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Rights and responsibilities of living by a watercourse

09 Mar 2016

In the last few years it seems as though the recurring theme every winter is of extreme weather and flooding. Wales, Scotland, Yorkshire and the North West have been some of the hardest hit areas as records for unusual and wet weather have been smashed.

Flood defences that have been in place for years are being tested like never before and, unfortunately, they are often found wanting. Unprecedented rainfall and flash flooding has brought volumes of water that pre-existing water management structures such as culverts may not be capable of managing. Culverts across the country have all made the news for the wrong reasons following instances of severe flooding and property damage.

The Environment Agency now actively discourages the construction of new culverts due to the potential flood risks and resulting damage to the environment. Where pre-existing culverts exist however, landowners, developers, businesses and residents must be aware of their rights and responsibilities.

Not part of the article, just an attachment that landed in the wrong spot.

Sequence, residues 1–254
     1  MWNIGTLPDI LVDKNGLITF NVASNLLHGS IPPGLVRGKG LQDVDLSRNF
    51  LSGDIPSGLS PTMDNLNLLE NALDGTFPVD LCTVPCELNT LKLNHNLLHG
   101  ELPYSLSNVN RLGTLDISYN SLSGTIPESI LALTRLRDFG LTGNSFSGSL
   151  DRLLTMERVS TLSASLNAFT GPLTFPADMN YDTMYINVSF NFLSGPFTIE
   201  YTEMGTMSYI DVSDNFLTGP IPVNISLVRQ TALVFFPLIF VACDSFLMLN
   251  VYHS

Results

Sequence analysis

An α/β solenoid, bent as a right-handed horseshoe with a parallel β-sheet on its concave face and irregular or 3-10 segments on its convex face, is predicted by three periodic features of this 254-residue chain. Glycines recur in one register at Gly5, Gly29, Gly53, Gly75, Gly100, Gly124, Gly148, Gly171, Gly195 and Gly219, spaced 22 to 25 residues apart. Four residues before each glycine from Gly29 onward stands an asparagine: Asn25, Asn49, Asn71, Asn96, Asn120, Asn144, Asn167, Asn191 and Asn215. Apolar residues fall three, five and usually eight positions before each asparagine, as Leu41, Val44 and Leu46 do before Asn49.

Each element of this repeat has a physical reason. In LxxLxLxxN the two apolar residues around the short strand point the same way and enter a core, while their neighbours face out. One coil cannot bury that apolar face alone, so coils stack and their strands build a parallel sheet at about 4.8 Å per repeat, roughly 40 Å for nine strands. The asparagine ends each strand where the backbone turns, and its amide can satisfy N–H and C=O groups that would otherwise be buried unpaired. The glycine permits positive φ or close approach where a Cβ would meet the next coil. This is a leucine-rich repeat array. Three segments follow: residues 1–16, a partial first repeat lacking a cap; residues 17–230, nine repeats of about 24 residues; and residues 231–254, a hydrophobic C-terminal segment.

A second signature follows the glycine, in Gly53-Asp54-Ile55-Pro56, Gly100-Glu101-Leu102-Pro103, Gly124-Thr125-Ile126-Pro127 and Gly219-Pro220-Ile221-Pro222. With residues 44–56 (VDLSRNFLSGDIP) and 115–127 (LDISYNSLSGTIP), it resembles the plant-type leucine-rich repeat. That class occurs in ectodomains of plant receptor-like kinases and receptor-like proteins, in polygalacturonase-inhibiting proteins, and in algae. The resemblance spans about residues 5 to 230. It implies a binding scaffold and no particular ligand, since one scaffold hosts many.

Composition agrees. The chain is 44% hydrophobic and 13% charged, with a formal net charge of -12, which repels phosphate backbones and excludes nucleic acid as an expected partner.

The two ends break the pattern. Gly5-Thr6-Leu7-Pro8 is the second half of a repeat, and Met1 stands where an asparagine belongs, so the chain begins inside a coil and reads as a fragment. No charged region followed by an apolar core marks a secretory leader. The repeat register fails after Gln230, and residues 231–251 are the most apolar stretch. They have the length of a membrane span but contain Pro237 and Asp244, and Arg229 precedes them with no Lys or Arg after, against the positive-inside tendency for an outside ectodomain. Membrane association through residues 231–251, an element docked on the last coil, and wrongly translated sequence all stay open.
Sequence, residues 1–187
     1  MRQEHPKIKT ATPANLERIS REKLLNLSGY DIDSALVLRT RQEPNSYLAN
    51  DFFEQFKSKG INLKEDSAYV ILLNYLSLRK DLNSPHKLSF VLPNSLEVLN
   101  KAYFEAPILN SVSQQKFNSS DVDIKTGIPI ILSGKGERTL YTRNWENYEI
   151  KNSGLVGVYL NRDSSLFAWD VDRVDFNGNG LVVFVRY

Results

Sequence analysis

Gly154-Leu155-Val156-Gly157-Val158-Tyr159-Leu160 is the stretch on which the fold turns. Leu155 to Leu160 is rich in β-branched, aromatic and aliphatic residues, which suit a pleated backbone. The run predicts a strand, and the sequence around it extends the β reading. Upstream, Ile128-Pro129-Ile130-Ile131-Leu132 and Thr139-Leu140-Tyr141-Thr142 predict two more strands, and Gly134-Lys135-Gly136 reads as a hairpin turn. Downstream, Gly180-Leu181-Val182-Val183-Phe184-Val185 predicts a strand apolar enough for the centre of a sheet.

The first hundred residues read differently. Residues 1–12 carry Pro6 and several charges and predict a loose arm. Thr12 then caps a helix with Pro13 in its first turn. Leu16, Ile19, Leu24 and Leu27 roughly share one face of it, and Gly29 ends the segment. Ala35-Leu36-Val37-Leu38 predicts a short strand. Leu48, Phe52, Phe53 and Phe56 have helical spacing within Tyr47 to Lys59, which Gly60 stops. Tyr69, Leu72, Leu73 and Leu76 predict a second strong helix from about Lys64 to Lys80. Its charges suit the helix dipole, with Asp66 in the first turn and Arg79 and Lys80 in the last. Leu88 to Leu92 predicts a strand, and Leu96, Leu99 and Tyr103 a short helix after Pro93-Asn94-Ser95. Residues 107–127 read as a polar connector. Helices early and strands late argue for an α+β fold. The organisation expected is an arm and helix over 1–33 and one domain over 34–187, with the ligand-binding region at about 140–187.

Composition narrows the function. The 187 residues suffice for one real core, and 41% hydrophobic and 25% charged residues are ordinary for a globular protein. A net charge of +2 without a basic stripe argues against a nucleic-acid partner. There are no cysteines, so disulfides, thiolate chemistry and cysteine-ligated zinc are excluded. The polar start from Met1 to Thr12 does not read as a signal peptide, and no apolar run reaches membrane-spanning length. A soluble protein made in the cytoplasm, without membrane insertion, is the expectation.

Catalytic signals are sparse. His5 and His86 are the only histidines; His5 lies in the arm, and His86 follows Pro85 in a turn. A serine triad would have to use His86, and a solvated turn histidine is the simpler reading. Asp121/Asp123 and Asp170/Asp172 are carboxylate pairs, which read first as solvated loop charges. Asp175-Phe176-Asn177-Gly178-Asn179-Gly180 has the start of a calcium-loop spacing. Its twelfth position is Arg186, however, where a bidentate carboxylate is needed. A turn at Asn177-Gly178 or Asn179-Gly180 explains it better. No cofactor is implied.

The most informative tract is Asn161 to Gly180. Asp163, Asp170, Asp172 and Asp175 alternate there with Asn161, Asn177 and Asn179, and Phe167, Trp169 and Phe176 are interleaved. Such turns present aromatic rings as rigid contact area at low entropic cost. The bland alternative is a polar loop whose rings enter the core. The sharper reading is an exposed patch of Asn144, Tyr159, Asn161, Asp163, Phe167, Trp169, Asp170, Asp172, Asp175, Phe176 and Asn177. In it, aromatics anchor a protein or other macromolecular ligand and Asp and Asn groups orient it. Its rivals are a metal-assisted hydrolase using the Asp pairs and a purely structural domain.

If you own land adjoining, above or with a watercourse running through it, in legal terms you are the “riparian owner”. As riparian owner you have the responsibility to let water flow through your land without any restriction, pollution or diversion which affects the rights of others. You must keep the banks of the watercourse clear of anything that could cause an obstruction and increase flood risk, either on your land or downstream if it is washed away.

You are also responsible for maintaining the bed and banks of the watercourse and the trees and shrubs growing on the banks. You must keep any structures such as culverts, trash screens, weirs and mill gates clear of debris and you are not permitted to construct any structures or carry out any works on your land which are likely to affect the water flow without prior regulatory consultation.

If a body of water is enclosed in a culvert and, owing either to its inadequacy to cope with the volume of water or to its bad state of repair, the water overflows and damages neighbouring property, the owner of the culvert is liable due to the long-standing legal principle set out in the case of Rylands v Fletcher. Simply put, a person who accumulates or diverts water must ensure that it does not cause damage if it escapes.

In the case of a culvert the responsibility for maintenance lies with the landowner. If there is a culvert on or through your land, you generally own it from the point where it enters to the point where it leaves your land and this is the case whether you are aware of its existence or not.

With flooding costing the UK a reported £2.2 billion a year, can you afford to ignore what may be underfoot?

For further information, please contact Jan Rzedzian, Associate Solicitor at Hay & Kilner
Call: 0191 232 8345
Email: Jan.Rzedzian@hay-kilner.co.uk